October 14, 2010 at 11:33am by Scott • 6 Comments »
I was wondering in an entry a couple weeks ago who would be Tom Balog‘s newest obsession on the Buccaneers. It would have to be someone who is either completely under the radar or underachieving that he could wave his banner (made of human skin) for and chastise the team for not basing all their gameplans around. And it looks like he may have found his man.
Where have you gone, Maurice Stovall?
That’s his article’s title. Notice how he subtly draws the comparison of Stovall to Joe DiMaggio using Simon & Garfunkel‘s phrasing. Because we all know a baseball Hall of Famer and legend is exactly the same as an unknown wide receiver with 44 catches to his name.
Maurice Stovall, a five-year veteran with the most experience among Tampa Bay’s young receiving corps, should be in the receiver rotation for the Buccaneers. At least for “leadership” purposes.
Because nothing says “leader” like catching one smoke route in a game and losing two yards. The receiving corps is one of the best performing groups on the team. Why would you want to fuck with that?
He’s been healthy for three weeks now, but inactive for Tampa Bay’s last two games and three of the four this season. He had no catches in his only appearance in the road win at Carolina.
The team is winning without him in the lineup. Ergo, they should change the lineup. Tomorrow Tom will teach us why you should always hit on 20.
Stovall is only 25, but, as far as the Buccaneers are concerned, he’s an old 25.
This part is true. Stovall has had a ton of injuries and other people have emerged around him. It happens. That noble shit about not losing your job to an injury fell out of favor years ago in the NFL when teams learned that — surprise! — playing healthy guys will win them more games than playing beat up ones.
He’s just hanging around, being the practice/workout demon that he’s always been, collecting the pro-rated weekly share of his $1 million salary for the 2010 season, and hoping that he’s not the unfortunate guy who gets cut the next time the team needs to create a spot on the 53-man roster.
Who writes like this? All Stovall needs is a straw hat, a hayseed in his mouth and a pair of overalls to shove his hands into so he can bow his head and mozy down to the old fishin’ hole to think for a spell. Poor old Maurice. Is he overcoming some kind of malady or circumstance that I’m not aware of? Is he really a sympathetic character? Or is he just an injury-prone wide receiver who was picked in the third round several years ago? I mean, he seems like a nice guy and all, and he’s shown he has talent, but it just hasn’t worked out for him. Why is he getting the Rudy treatment?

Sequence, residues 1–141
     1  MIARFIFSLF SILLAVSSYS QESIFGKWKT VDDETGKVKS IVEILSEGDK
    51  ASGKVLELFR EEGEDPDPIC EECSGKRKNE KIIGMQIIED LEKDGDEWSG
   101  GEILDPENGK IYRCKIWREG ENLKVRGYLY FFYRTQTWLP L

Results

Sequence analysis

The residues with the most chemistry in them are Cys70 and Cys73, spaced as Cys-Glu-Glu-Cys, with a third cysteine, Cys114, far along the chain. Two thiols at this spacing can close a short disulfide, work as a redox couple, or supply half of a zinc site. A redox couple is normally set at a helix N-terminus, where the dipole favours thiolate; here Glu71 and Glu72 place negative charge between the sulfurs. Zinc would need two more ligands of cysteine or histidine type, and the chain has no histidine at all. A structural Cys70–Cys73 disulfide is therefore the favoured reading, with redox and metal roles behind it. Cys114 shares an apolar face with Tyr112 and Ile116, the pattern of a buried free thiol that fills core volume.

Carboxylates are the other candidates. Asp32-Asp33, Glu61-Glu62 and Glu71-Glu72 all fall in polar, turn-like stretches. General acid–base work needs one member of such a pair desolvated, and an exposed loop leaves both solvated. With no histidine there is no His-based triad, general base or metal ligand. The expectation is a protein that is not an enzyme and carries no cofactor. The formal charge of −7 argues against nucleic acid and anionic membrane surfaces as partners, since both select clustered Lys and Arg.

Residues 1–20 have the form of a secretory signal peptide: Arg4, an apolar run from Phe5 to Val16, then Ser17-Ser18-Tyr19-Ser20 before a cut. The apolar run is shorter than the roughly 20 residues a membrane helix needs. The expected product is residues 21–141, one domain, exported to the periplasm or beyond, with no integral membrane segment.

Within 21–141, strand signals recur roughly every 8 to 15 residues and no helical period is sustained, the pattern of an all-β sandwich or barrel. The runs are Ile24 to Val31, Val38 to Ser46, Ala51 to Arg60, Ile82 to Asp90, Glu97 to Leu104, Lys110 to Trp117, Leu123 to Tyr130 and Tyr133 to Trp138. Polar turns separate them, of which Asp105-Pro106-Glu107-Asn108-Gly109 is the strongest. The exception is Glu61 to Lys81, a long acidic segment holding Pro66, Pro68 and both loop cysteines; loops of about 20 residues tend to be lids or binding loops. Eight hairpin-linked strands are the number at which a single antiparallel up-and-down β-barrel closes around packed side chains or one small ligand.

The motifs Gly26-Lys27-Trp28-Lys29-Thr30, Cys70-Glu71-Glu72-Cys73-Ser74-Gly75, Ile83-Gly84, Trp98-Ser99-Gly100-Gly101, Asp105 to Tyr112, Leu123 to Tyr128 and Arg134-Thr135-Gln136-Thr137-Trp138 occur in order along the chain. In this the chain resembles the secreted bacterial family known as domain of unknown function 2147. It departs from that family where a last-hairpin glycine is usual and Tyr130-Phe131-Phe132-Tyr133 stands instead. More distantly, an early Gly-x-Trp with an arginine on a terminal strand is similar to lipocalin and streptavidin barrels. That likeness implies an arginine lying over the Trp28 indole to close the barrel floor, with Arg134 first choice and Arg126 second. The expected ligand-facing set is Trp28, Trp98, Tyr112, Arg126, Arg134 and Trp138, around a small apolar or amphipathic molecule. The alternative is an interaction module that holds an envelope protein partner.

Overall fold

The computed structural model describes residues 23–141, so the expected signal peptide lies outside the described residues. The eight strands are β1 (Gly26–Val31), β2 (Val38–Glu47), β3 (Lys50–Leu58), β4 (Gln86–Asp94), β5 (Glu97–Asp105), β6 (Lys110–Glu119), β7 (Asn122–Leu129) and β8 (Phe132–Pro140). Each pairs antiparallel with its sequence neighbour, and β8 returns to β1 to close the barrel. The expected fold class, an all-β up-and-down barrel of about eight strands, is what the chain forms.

This abandonment should never have happened to Stovall, who ought to be a tough, physical receiver, at 220 pounds. Although the odds were that it would, given his injury-riddled track record.
The word “abandonment” is meant to manipulate you. Nobody left Stovall in a basket on someone’s doorstep. If he gets cut, then maybe you could more accurately use that word, but even then it’s implying more than it is. God, this is hacky.
And you know what, Stovall isn’t even all that upset about being forgotten, at least not to the point where he’d express peeved-off bitterness when I asked him last week where he stood.
I suppose in the era of Terrell Owens and Darrelle Revis, we need to take time out to recognize when football players aren’t being jackasses. So fine. Enjoy the moment.
“I feel like that’s up to the coaches to make that decision,” he said. “That’s not my job to make that decision.”
How about sticking up for yourself, Maurice?
But Balog just expressed admiration for the way he handled it. Now Stovall should have gotten feisty? Which is it?
”It can be frustrating, but at the same time, that’s what happens when you get hurt,” Stovall said. “You give opportunity for other guys to make plays, make a name for themselves.
”At the same time, all you can do is get healthy, keep working hard and just wait for your opportunity again.”
Stovall just destroyed Balog’s article by showing a clear understanding of the process. After Balog got that quote, he should have said, “Well, shit, I guess I don’t have anything to write about” and then gone home to dress up like his mother and stab hotel guests to death.
Although Stovall is mild-mannered to begin with, he’s probably afraid that he’ll end up released like Michael Clayton. He doesn’t have the self-assurance and feisty demeanor like safety Sabby Piscitelli, to get in Morris’ face about losing his job, like Piscitelli did.
This raises an interesting point that would be a good subject of another article. Sabby got benched in favor of Sean Jones, bitched about it, and then after Sabby turned in a good performance against the Bengals, Raheem Morris almost praised the way Piscitelli handled the benching. We all love it when players are humble and respectful and determined, but is it the best career move for them?
[Damn it, I can’t find the quote from Morris where he kind of patted Sabby on the back for his outburst. I know I read it, though. If anyone has the link, send it and I’ll update this article and give you credit.]
[UPDATE: Thanks to reader Stephen for the link. It was a JoeBucsFan.com transcription of the Raheem Morris show on Monday and can be found here. Here’s the quote:
“[Sabby] put it out in public and it became kind of a thing that brought our team together,” Morris said. “It was a great example for me to use for our team. It was a great example for me to use for our guys.”
Complaining that the coaches didn’t conduct a competition fairly is a good example for the team? I would think exactly the opposite. Take your medicine, keep your nose to the grindstone and your mouth shut and when your opportunity comes again, take advantage of it.]